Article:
Four Questions on Farsickness is an interview series with creative writers for whom place is essential to their work. Each writer answers the same four questions—and featured here is author Joan Frank.
1. Share a little about where you’re from. When you were growing up, what place—real or imagined—most fascinated you, and why?
I grew up in the 1950s desert, in a tiny new suburb at the base of the North Phoenix mountains, called Sunnyslope―a very raw, clean place in those years, dry and sweet and tender, full of wonder and magic for a kid. My little sister and I roamed the desert hills all day long (when we were not in grade school), with perfect freedom and innocence. That innocence was obliterated with our mother’s sudden death, probably by suicide, and we moved (me at 11, Andrie at 9) to Sacramento. I’ve written about those years in an essay I hope readers will find, preliminarily in the nonfiction journal River Teeth, and later (it is fondly hoped) in a book of essays about travel and place: working title, In Case of Firenze. As a child―before the sky fell on us―I had only the dimmest understanding that other kinds of places existed―and I do not think I really internalized the shock of this physical fact until I stood upon the first beach of my life (Santa Monica, CA, on a family vacation, my mother then still with us) and beheld the glittering blue ocean. It was like staring at all the riches of the universe―hearing and smelling them―like discovering God, or at least God’s palace, piled with God’s treasures. My sister and I ran shrieking to the water, immediately assembling cannonballs of sand, investigating the glistening foam at the edge of the incoming tide, tiny crabs, mysterious dead jellyfish, bits of shells, sand dollars. I can never, ever forget how electrified we were, vibrating, thrilled with possibility and amazement. So the fascination you suggest, sort of happened post-facto.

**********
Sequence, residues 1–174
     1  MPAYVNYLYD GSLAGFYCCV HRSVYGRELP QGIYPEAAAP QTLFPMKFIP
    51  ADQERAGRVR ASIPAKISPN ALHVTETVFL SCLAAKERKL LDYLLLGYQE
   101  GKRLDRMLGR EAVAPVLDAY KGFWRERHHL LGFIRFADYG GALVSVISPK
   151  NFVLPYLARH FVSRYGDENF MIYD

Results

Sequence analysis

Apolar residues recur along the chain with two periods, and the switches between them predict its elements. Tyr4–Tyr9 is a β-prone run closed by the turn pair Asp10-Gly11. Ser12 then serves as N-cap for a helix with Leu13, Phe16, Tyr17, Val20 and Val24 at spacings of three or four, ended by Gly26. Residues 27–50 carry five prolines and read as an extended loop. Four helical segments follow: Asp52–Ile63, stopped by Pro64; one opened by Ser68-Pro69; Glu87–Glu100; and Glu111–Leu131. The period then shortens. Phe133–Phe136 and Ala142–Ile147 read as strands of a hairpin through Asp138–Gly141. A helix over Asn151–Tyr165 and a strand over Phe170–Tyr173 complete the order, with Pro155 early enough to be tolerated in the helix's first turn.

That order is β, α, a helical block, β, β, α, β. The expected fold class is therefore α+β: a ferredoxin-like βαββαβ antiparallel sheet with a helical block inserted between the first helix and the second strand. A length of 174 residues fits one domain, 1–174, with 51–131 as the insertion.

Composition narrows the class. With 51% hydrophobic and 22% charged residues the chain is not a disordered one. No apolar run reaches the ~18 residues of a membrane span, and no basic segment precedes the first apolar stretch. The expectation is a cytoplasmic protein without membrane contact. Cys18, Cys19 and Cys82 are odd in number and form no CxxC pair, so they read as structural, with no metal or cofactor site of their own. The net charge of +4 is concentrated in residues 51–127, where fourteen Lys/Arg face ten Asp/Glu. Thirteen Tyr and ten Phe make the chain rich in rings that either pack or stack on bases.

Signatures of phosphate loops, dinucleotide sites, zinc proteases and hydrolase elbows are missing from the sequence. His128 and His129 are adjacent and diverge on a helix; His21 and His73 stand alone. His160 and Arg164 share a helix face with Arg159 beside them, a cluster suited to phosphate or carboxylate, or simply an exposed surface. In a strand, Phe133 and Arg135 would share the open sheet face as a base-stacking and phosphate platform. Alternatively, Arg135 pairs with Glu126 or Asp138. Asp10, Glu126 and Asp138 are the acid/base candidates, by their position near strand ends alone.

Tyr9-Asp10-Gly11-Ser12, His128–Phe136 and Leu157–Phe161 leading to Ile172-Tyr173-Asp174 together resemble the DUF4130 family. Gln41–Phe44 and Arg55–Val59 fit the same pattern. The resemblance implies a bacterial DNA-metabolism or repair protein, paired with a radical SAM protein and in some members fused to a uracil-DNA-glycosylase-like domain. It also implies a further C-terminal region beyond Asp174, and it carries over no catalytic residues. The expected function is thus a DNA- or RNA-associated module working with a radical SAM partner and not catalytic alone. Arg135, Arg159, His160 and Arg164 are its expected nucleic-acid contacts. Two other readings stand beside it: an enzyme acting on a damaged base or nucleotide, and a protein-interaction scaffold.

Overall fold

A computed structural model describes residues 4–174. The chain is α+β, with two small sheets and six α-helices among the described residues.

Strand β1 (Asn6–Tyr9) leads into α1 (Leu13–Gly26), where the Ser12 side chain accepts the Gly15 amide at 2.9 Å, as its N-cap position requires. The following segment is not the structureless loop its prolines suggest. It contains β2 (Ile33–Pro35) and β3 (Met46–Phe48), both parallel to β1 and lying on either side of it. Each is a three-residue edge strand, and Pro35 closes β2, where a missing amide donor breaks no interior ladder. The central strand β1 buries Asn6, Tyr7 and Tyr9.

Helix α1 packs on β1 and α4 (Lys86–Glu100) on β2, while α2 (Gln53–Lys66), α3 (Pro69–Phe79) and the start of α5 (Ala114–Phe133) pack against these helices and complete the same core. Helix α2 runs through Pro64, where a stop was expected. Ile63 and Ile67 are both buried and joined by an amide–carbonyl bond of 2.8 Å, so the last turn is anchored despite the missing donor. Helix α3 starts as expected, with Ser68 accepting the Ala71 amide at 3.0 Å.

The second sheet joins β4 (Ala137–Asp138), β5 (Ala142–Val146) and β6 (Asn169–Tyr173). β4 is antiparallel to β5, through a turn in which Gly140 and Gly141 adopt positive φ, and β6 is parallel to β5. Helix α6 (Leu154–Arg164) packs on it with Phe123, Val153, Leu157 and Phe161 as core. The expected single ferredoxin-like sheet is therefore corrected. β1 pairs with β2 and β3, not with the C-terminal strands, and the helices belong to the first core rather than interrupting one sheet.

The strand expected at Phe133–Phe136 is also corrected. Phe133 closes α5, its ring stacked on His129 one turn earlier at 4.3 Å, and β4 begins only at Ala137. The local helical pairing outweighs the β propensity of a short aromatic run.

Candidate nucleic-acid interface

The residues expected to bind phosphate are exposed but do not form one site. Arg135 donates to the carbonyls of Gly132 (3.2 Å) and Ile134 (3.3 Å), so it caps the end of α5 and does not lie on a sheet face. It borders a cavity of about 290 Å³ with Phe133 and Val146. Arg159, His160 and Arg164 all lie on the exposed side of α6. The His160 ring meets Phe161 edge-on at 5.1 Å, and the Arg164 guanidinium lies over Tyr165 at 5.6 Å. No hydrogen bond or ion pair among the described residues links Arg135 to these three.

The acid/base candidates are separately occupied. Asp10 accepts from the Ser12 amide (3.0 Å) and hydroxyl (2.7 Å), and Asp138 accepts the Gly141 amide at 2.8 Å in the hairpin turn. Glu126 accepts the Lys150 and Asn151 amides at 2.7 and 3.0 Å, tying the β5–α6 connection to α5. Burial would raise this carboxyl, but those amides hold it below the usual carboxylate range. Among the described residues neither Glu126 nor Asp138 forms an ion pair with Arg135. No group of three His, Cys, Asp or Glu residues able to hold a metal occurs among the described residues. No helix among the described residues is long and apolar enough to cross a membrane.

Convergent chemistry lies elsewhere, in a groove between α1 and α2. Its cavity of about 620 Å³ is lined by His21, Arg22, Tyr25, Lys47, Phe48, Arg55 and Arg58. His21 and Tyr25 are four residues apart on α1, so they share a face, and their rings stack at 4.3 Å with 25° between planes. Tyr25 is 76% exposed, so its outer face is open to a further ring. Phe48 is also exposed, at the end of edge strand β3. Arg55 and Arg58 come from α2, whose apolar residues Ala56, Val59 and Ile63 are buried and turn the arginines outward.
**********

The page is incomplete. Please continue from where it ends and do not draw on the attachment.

Later, I took that same romance with ocean-bound land to an exponential depth by moving to Hawaii for a dozen years. There, for a while, amid similar transplanted friends, the relative safety and beauty of the place gave a lonely, lost young woman a second shot―at feeling legitimate, loved, located. I worked a sweet job there, as typesetter at an investigative weekly tabloid newspaper (where I first began to write); I also had a part-time job, handily, as a bookseller. I had urgent relationships, dear friends, and a few tragedies. Of course, as is true of any place, Hawaii proved complicated―socially, economically, politically, relationally―and after a dozen years, for a number of reasons, I knew I had to leave. I wrote about that time in a slender novel called The Great Far Away, though I transposed the principals and landscape to Northern California. Looked back upon, the period spent in Hawaii proved something close to miraculous, in that it gave me permission to create a life on my own terms. One only understands these things later―in the present tense of it, one hasn’t much of a clue.
2. What travel has been a particular inspiration to your work?
That’s easy: almost all of it: Colorado (on the train, with a Vista Dome view of the glorious Rockies) as a young woman, then Africa with the Peace Corps—the consciousness-altering equivalent of something like electrocution—then the years in Hawaii, which included a voyage to Tahiti: but above all and most especially, travel to Europe, much of it accomplished as the girlfriend/later wife of a teacher who bagged four semesters-abroad in Paris and three in Florence. Wandering those old capitals and the countryside (and countries and sea channels) between, gave worlds of new understanding, wonder, and humility. I tend not to write about travel until after some time has passed: it seems to need to marinate or gestate for a significant while, to be retrievable as a basis for fiction or essays. I try sometimes to jot notes about what I am seeing, but latterly I’ve often abandoned even that. I just let the visuals soak in, and trust that what is necessary or useful will become available eventually. I wait to see what comes floating back after routine life has resumed.